Wednesday, June 16, 2010

Chukat: What is bothering Rashi about וְיִקְחוּ אֵלֶיךָ?

Summary: The standard meforshei Rashi discuss what is bothering Rashi about the words וְיִקְחוּ אֵלֶיךָ regarding the parah adumah and why the same words did not bother him regarding the shemen zayis. I explain why I differ from the methodologically, but then explain why indeed the instance by shemen zayis is irrelevant, in a way that I think provides the key to the entire derasha.

Post: Parashat Chukat begins with the laws of Parah Adumah:

1. The Lord spoke to Moses and Aaron, saying:א. וַיְדַבֵּר יְ־הֹוָ־ה אֶל מֹשֶׁה וְאֶל אַהֲרֹן לֵאמֹר:
2. This is the statute of the Torah which the Lord commanded, saying, Speak to the children of Israel and have them take for you a perfectly red unblemished cow, upon which no yoke was laid.ב. זֹאת חֻקַּת הַתּוֹרָה אֲשֶׁר צִוָּה יְ־הֹוָ־ה לֵאמֹר דַּבֵּר אֶל בְּנֵי יִשְׂרָאֵל וְיִקְחוּ אֵלֶיךָ פָרָה אֲדֻמָּה תְּמִימָה אֲשֶׁר אֵין בָּהּ מוּם אֲשֶׁר לֹא עָלָה עָלֶיהָ עֹל:
On this, Rashi writes:

and have them take for you: It will always be called on your name; 'the cow which Moses prepared in the desert.’- [Mid. Tanchuma Chukath 8, see Etz Yosef]ויקחו אליך: לעולם היא נקראת על שמך, פרה שעשה משה במדבר:

His source is perhaps a midrash Tanchuma, which reads:
אמר רבי יוסי בר חנינא: 
רמזו שכל הפרות בטלות, ושלך קיימת. 

This is not precisely the same thing, but it is the closest I can find. You can begin reading the Etz Yosef's commentary here -- it is on the bottom, and goes on to the next page.

Many of the meforshei Rashi take issue with this. Rashi is saying peshat, so something must be "difficult" to him here that he is resolving. What is this difficulty, and why is this not difficult when the identical phrase is used in the discussion of shemen zayis? That is, in Vayikra 24, we are told:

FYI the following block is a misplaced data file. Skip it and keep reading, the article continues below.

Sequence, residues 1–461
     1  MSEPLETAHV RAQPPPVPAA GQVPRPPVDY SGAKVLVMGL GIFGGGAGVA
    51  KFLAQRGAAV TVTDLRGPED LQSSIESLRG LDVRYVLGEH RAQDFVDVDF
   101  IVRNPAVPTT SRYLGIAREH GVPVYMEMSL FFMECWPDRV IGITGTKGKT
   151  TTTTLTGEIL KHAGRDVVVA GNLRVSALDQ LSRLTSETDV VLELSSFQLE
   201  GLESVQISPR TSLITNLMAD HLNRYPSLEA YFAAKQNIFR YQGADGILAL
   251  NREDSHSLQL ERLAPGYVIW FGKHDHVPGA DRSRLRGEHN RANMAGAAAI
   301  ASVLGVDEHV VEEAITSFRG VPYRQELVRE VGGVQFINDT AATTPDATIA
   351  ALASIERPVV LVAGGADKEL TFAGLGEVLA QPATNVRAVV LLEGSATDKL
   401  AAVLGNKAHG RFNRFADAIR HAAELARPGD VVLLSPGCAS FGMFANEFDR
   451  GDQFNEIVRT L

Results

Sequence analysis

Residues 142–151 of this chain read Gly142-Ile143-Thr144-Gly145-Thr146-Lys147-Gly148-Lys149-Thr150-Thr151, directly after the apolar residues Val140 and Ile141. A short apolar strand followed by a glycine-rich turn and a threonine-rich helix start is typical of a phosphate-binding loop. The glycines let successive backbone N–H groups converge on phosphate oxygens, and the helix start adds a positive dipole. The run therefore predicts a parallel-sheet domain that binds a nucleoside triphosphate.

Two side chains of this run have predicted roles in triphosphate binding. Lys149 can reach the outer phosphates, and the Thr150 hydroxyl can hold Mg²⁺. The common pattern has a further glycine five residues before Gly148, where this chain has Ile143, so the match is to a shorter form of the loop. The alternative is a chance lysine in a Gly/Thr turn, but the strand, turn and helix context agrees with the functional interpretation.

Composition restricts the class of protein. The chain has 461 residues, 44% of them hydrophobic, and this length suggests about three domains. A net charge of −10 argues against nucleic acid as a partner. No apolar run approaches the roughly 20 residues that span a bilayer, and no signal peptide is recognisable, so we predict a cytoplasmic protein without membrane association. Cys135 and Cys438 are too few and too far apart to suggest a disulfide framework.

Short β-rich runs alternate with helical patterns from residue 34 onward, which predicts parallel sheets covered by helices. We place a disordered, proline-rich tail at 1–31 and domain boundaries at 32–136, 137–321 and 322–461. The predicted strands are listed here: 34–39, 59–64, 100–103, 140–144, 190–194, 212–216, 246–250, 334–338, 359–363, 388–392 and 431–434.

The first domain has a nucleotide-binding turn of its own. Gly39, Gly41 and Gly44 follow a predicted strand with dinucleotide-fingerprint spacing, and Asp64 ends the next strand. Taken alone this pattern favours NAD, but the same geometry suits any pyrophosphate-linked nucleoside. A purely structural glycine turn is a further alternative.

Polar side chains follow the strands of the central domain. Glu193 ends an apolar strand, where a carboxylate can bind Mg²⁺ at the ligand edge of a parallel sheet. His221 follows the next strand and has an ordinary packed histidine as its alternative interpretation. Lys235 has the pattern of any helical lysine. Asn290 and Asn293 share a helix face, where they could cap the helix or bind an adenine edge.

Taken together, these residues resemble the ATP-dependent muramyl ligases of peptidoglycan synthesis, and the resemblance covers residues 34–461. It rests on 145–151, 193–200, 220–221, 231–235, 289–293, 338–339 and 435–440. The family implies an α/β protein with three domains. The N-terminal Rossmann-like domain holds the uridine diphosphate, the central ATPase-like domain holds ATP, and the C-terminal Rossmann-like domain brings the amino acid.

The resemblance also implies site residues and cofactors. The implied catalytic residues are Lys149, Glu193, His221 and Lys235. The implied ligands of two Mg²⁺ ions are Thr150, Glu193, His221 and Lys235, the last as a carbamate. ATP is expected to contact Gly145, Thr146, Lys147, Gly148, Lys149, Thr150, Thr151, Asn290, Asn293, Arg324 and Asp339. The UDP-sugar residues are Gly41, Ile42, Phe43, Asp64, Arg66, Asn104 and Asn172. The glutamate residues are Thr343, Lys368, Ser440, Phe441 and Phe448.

2. Command the children of Israel, and they shall take to you pure olive oil, crushed for lighting, to kindle the lamps continually.ב. צַו אֶת בְּנֵי יִשְׂרָאֵל וְיִקְחוּ אֵלֶיךָ שֶׁמֶן זַיִת זָךְ כָּתִית לַמָּאוֹר לְהַעֲלֹת נֵר תָּמִיד:

and Rashi makes no such diyuk! So what is the difference? This is a question addressed by several meforshei Rashi, including Mizrachi, Gur Aryeh, and Levush HaOrah. To take Gur Aryeh as an example approach to this issue:
לעולם היא נקראת על שמך• דאם לא
כן, ׳׳אליך׳׳ למה לי, הוי למכתב ׳ויקחו להם
פרה אדומה׳. והא דכתיב בפרשת אמור(ויקרא כד, ב) ש
׳׳ויקחו אליך שמן זית׳׳, לא קשיא
דהתם כך פירושו, שיקחו הם שמן זית לך,
והם אינם צריכים לעשות שום דבר, רק
שיקחו שמן זית, ואתה תהיה גומר את מצותו
ליתן אותו לאהרן הכהן, ולצוות לו שיערוך
אותו אהרון (שם שם ג). אבל כאן דכתיב בתריה
ש(פסוק ג) ׳׳ונתתם אותה אל אלעזר הכהן׳׳, אם
כן היו ישראל מתעסקין בנתינה לאלעזר, אם
כן למה כתב ׳׳ויקחו אליך׳׳, והרי אלעזר
שליח ישראל היה, כדכתיב ׳׳ונתתם אותה
לאלעזר הכהן״ , ולמה כתב ״אליך׳׳:

That is, why should they take "to you", rather than to themselves. That influences Rashi's interpretation (which is either peshat or derash). And the same phrase as it occurs in Vayikra 24:2 is not difficult, for there it means that they should take it to you, Moshe, and then they do nothing, but Moshe completes the action by giving it to Aharon and to command him to set up up. But here, since it says after this "and you (plural) shall give it to Eleazar the Kohen", if Israel (in plural) are involved in it in giving it to Eleazar, why should it say "and they should take to you (Moshe)?!" It is Eleazar who is the agent of Israel. Thus, the eilecha is difficult.

Levush HaOrah discusses how probably ונתתם refers to Moshe and Aharon, who were mentioned in pasuk 1 (and perhaps were the eilecha). And then, what is the basis for the distinction between this pasuk and the one in Vayikra? See inside for a discussion.